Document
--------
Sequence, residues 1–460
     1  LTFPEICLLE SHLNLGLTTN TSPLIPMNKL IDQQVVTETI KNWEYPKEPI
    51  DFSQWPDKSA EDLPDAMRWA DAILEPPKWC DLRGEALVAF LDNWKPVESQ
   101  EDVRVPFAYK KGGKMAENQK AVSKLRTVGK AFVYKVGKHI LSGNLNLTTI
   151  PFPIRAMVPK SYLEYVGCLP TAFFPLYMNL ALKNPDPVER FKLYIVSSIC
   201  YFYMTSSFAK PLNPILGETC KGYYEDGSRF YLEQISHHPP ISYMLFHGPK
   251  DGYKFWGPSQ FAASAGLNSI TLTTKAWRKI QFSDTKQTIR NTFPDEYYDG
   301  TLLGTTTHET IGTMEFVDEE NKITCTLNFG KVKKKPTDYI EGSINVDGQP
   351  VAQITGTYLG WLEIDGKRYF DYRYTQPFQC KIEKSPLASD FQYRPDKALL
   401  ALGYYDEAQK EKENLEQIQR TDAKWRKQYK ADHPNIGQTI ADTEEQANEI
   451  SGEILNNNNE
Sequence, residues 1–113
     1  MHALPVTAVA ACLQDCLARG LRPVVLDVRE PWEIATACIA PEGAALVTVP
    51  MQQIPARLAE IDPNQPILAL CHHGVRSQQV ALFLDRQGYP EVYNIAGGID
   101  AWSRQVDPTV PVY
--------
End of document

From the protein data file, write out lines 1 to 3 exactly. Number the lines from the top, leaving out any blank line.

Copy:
Sequence, residues 1–460
     1  LTFPEICLLE SHLNLGLTTN TSPLIPMNKL IDQQVVTETI KNWEYPKEPI
    51  DFSQWPDKSA EDLPDAMRWA DAILEPPKWC DLRGEALVAF LDNWKPVESQ